With the release of his latest solo country record, Aaron Lewis, the lead singer for hard rock group Staind, has successfully made a rare stylistic leap. It's not often we see genuine hard rock acts attempt the jump, let alone succeed.
Last year, Aerosmith's Steven Tyler released an embarrassing album that was quickly forgotten, thankfully. Though Kid Rock has never fully crossed over, he has released a handful of country tunes, with the results ranging from silly to superb. (Think "Picture," his duet with Sheryl Crow, not "Cowboy," his rap-rock prostitution fantasy.)
But Sinner, Lewis' third solo country album, is not only his best one so far; it's genuinely a darn-fine honky-tonk record, regardless of back story or personal musical history. With Lewis taking the famed Billy Bob's Texas stage on Saturday, Jan. 28, we think there are some other rockers that could make for an interesting trip through the country.
With the release of the seminal metal band's 2016 LP Hardwired... To Self Destruct, we know the Napster-hating group still has a ferocious fastball ready to sling when they need it. How interesting it would be to see the band channel lead-singer James Hetfield's lifelong love of Waylon Jennings into something truly countrified. They've admirably covered Bob Seger and Thin Lizzy, two rock acts with strong roots elements, and the strength of the random acoustic-driven tunes they've offered leads me to believe a country record from the thrashers would be worth a spin.
There aren't many more successful rock bands to ever emerge from North Texas than the Toadies. And though the Vaden Lewis-led unit lives on the darker, more menacing side of the hard rock spectrum, they've long made sinister stories of stalking, murder and general unrest sparkle with tight melodies made for shouting along. The group has long championed local country bands such as Eleven Hundred Springs, Tejas Brothers, Somebody's Darling and more, so there's already an appreciation for the honky tonk life in the mix. The group's 2015 album Heretics is comprised of acoustic driven tunes that still boast the grit and danger of its best work.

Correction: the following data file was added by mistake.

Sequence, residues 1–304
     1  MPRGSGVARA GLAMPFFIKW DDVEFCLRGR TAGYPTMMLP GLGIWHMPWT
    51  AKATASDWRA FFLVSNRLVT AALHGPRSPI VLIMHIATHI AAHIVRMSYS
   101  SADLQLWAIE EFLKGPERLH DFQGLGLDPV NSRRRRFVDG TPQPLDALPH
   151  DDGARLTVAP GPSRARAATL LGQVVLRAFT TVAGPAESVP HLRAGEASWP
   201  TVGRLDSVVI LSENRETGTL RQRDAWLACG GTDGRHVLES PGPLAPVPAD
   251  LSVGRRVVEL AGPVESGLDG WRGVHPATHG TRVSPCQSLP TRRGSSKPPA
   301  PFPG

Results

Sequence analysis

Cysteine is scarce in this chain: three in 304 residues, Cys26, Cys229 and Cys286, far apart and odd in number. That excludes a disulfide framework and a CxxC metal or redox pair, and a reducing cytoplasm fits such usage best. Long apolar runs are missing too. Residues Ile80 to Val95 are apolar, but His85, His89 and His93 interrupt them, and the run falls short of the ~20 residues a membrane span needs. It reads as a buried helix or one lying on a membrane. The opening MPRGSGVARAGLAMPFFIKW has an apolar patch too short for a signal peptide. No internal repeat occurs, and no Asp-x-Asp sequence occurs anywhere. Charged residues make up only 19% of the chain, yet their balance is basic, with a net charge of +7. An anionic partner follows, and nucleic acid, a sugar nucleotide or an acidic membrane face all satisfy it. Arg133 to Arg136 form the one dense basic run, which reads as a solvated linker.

Similar to the Toadies, St. Vincent frontwoman Annie Clark probably has a good dose of country flowing through her musical consciousness thanks to her Texas upbringing. The former Dallas dweller is, to put it simply, an innovator with few peers. Whether she's helping serve tacos at her sister's Dallas restaurant or directing a horror movie, she oozes style and unpredictability in a way no one else does. We're pretty sure she would do the same in country music, too.
Few lead singers in rock can bust out soul like Brittany Howard. The Grammy-winning group has certainly showcased a massive amount of expertise in groove-intensive blues rock and even spacey psychedelic already. Throw a pedal steel player and a fiddle into the band as it's currently configured, and it's a safe bet they would make a style of country music that's both immediately identifiable yet completely individual.
Of the artists on this list, the mercurial Jack White has come to the closest to already putting his foot into country. Since moving to Nashville years ago, he's made Music City into his own little shop of musical wonder. And over a decade ago, he produced the lauded Van Lear Rose album for Loretta Lynn and he's worked with other noteworthy queens of country such as Wanda Jackson and Margo Price. Some of the rootsier tracks from his days in the White Stripes could make for some quality gothic country. But we're ready for him to take a full plunge onto a country avenue.
Aaron Lewis performs Jan. 28 at 10:30 p.m. at Billy Bob's Texas 2520 Rodeo Plaza, Fort Worth. Find event details here.